Kitty eventually morphed into an action figure like so many of her mutant friends. “Kitty started out as a young girl with superhuman powers. By the time they created her action figure, she’d become a major chick. She may bear my name, but she wasn’t modelled after me. I only wish I had knockers like that,” jokes Pryde.
Ulimately, in the early 90s, in an attempt to regain her anonymity, Pryde began going by the name K.D. Pryde.
I will save you any horrible reference to her wanting to sometimes be able to walk through walls to get away from the attention.
On the next page, was Apocalypse originally meant to be the OWL?!
COMIC URBAN LEGEND: Apocalypse was originally going to be the Owl.
STATUS: Basically True
In the early issue of X-Factor, writer Bob Layton introduced a number of new villains, starting with #2 and Tower…
then Frenzy in #4…
leading to the revelation that the two were in a team, The Alliance of Evil, along with two other members, Timeshadow and Stinger.
At the end of the issue, we meet their mystery “master,” who, although shrouded in shadows, is clearly a big fella.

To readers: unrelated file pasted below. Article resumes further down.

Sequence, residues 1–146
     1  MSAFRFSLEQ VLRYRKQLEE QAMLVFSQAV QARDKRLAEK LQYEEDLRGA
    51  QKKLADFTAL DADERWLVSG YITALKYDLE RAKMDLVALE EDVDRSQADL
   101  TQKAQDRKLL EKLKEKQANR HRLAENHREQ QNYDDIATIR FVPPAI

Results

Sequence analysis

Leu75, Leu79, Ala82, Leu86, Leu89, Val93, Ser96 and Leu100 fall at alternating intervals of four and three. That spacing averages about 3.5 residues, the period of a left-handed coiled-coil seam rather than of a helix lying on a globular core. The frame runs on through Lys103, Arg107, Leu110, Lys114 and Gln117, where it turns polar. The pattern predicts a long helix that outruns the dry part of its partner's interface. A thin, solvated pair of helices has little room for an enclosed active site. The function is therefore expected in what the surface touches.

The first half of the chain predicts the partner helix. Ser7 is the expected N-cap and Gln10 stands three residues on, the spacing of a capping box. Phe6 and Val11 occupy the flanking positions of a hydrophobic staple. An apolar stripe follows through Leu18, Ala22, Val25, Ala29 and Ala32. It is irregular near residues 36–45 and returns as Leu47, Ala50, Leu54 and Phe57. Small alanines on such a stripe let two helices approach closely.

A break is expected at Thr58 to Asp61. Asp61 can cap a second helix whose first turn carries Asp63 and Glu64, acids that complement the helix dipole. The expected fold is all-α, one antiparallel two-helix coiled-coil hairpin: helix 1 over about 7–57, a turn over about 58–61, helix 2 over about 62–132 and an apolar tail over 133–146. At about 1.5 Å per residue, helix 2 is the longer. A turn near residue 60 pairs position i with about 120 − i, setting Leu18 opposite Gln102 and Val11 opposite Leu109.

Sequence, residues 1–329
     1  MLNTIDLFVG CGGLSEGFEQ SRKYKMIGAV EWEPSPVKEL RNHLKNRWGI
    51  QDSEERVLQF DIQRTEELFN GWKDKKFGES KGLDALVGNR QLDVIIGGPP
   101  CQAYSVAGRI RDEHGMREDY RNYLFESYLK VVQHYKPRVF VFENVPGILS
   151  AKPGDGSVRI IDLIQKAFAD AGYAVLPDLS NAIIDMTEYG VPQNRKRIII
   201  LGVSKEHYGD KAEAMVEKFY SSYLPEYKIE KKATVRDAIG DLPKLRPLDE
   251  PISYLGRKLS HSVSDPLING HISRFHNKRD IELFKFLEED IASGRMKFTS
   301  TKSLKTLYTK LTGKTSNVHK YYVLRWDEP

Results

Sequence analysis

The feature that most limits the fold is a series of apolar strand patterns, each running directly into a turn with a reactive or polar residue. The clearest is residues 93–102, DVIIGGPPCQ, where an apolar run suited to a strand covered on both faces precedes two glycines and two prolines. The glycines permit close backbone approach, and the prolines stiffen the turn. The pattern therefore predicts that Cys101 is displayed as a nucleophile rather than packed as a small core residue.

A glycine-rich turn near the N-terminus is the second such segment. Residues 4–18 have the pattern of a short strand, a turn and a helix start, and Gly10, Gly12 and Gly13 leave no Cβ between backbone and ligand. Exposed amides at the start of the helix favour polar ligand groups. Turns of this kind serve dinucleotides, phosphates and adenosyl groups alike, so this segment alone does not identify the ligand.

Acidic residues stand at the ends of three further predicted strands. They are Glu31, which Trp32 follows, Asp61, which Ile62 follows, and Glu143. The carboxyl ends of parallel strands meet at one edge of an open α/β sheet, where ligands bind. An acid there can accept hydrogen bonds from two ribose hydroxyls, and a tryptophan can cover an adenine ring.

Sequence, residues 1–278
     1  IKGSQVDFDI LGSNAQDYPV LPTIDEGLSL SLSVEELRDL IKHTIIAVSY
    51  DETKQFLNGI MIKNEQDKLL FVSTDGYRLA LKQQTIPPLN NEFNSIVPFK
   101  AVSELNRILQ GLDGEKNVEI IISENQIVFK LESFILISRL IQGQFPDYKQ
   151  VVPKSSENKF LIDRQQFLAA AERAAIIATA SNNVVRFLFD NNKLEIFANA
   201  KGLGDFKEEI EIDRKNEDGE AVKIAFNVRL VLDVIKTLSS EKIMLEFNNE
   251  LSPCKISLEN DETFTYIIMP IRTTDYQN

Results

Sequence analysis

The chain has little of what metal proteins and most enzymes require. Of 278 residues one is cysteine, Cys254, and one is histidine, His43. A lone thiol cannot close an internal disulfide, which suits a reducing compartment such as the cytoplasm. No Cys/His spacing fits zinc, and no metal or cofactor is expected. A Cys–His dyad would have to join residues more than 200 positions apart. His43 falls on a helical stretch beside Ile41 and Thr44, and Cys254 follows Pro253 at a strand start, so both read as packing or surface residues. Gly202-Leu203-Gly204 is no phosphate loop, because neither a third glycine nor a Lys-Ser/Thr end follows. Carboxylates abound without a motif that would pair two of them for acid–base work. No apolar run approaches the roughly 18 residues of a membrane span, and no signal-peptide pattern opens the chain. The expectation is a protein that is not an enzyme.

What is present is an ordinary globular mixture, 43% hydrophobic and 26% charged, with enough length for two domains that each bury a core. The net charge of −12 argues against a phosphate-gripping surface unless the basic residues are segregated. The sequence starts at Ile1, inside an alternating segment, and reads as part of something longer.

In the next issue, we learn that the villain is Apocalypse, who would go on to become a significant X-Men villain (you can read more about Apocalypse’s history here).
However, the mystery “master” was NOT meant to be Apocaylpse and that last page was not initially in the comic. No, it was originally going to be revealed to be former Daredevil villain, the OWL!
Layton planned on revitalizing the character, making him a serious threat and the main villain of X-Factor going forward. The Owl is a compelling character to try to revamp, as many comic book writers have tried it since then, including most recently Mark Waid.
In any event, Louise Simonson was taking over the writing chores on X-Factor with #6 and she preferred to have the mystery villain be a NEW villain to add to the mutant mythos, so Layton, on the way out, was asked to have it changed, and he, being a sporting soul, did so.
So Guice re-drew the final page…
And the rest is history.
Imagine The Age of Owl!!! That would have been awesome!!
Thanks to Bob Layton for the confirmation that he was, indeed, planning to have the Owl as the big bad guy.
Well, that’s it for this week, thanks for stopping by!
Feel free to drop off any urban legends you’d like to see featured!!